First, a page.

Financial Update from Brewin Dolphin - 16 December 2022
The Weekly Round-up
In his latest weekly round-up, Guy Foster, our Chief Strategist, discusses the latest US and UK inflation data, interest rate hikes and the risk of a US recession.
The good news
The market’s biggest concern this year has been inflation, which rose to multi-decade highs in most regions around the world. After a few false dawns, it does seem likely that inflation has peaked. Price growth had been expected to slow again during November, and the very high rates reported at the end of 2021 create scope for inflation to fall quite fast due to base effects.
Reported US inflation for November was, in fact, even lower than had been expected. Some of the key costs that have been squeezing consumers eased during November. Gasoline, which had reached $5 per gallon in June, has fallen to $3.20 per gallon in recent weeks. Food prices have been falling and underlying agricultural prices suggest that they will continue to do so. These prices tend to be volatile and are influenced by commodity markets, not always reflecting domestic demand. Focus often therefore lands upon core inflation, which carves these elements out. Core US inflation was very low as well – most notably goods prices, which saw outright declines, and services, which grew at a slower pace. There seems little evidence of the much-feared wage-price spiral or unanchored inflation expectations, with the evidence from prices themselves backing up surveys that show consumers expect inflation to return to normal over the medium term.
While this is true of the US, the UK picture was more nuanced. November’s UK inflation data was softer than expected, which is most welcome, but a critical difference is that the monthly rise in US core inflation, if it persisted, would be enough to see inflation return to normal levels. In the UK, considerably more improvement is needed. It is also less likely because we do know that some additional increases in utilities bills are likely from April when the fuel cap rises further. The falling oil price has had less impact in the UK because the pound has been weak (until recently) and the high level of taxation on motor fuel in the UK mutes the impact of commodity price changes (in this case, falls). Inflationary pressure has reduced in most markets but is expected to persist longer in the UK than in the US.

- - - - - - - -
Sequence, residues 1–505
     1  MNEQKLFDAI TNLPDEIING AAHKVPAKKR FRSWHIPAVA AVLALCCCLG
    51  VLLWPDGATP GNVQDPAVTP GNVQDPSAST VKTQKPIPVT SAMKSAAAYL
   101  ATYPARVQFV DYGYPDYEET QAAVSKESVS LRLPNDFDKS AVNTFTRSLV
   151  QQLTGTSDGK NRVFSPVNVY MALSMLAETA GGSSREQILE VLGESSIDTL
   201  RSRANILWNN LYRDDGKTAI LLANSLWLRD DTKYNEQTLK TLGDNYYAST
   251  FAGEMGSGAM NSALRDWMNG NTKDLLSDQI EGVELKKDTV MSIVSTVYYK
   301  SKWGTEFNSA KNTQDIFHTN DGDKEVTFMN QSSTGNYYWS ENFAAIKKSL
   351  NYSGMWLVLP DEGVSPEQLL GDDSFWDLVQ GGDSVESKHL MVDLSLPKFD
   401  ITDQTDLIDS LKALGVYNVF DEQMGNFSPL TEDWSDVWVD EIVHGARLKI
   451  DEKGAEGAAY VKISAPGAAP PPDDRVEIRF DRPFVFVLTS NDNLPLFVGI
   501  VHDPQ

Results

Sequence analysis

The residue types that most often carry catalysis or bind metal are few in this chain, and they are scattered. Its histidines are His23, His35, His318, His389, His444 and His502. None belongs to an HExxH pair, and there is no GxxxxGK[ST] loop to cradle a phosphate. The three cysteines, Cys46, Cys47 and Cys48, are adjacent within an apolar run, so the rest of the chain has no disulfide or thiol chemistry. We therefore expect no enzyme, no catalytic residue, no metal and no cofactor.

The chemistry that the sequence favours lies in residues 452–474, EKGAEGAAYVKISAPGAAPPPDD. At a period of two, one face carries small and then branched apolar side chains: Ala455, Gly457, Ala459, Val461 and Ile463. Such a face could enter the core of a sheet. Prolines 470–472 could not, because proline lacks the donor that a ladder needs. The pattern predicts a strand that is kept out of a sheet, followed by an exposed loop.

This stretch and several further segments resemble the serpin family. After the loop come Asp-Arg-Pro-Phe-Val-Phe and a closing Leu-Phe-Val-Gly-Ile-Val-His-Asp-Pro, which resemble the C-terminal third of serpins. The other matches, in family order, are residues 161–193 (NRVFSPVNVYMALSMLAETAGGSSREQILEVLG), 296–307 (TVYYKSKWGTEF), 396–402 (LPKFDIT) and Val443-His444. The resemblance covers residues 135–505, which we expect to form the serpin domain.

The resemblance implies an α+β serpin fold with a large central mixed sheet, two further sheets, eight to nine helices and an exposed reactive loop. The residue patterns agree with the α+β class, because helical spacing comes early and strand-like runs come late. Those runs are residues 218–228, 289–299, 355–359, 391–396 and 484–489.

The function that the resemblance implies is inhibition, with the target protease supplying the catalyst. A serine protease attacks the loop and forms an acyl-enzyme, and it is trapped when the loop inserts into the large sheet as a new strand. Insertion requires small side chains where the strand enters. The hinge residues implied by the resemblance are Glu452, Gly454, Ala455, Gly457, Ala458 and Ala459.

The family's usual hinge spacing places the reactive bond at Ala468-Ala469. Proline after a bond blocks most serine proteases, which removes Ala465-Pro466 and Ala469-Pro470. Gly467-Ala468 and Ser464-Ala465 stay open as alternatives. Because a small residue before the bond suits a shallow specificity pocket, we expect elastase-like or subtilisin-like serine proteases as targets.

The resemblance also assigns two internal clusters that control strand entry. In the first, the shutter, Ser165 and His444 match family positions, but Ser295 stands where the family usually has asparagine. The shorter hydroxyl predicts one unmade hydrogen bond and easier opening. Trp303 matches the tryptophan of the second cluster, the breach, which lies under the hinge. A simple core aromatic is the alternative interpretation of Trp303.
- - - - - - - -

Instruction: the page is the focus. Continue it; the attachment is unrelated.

Part of the softness in consumer prices relates to falling costs of things consumers must buy (like food and energy). This is good news for growth, which doesn’t benefit from rising spending on higher commodities. But some prices were weak, reflecting the tightening measures taken by the Federal Reserve. A big source of inflation in the US this year has been car and truck prices. These have moderated as interest rates have risen. Most vehicles are bought with loans, which have made such purchases less affordable as interest rates have risen.
November’s retail sales showed that consumers were buying fewer vehicles even as the prices of them fell. Similar trends were in place for building materials, which are often bought as part of loan-financed projects.
Investors have been growing increasingly concerned about a recession during 2023. The key proxy of recession risk is the yield curve, as expressed by the difference between a two and ten-year government bond. The current yield curve suggests that the risk of a recession is at its highest since the early 80s. That’s also reflected in the Philadelphia Fed’s survey of professional forecasters, by which measure a recession next year would be the most anticipated recession in history. Both of these phenomena are reflected in the market’s expectation that interest rates will not just peak within the next few months but actually start to fall. This has been a driver of the recent rebound in markets. The prospect of a bright new era of monetary easing is enough to get markets rallying.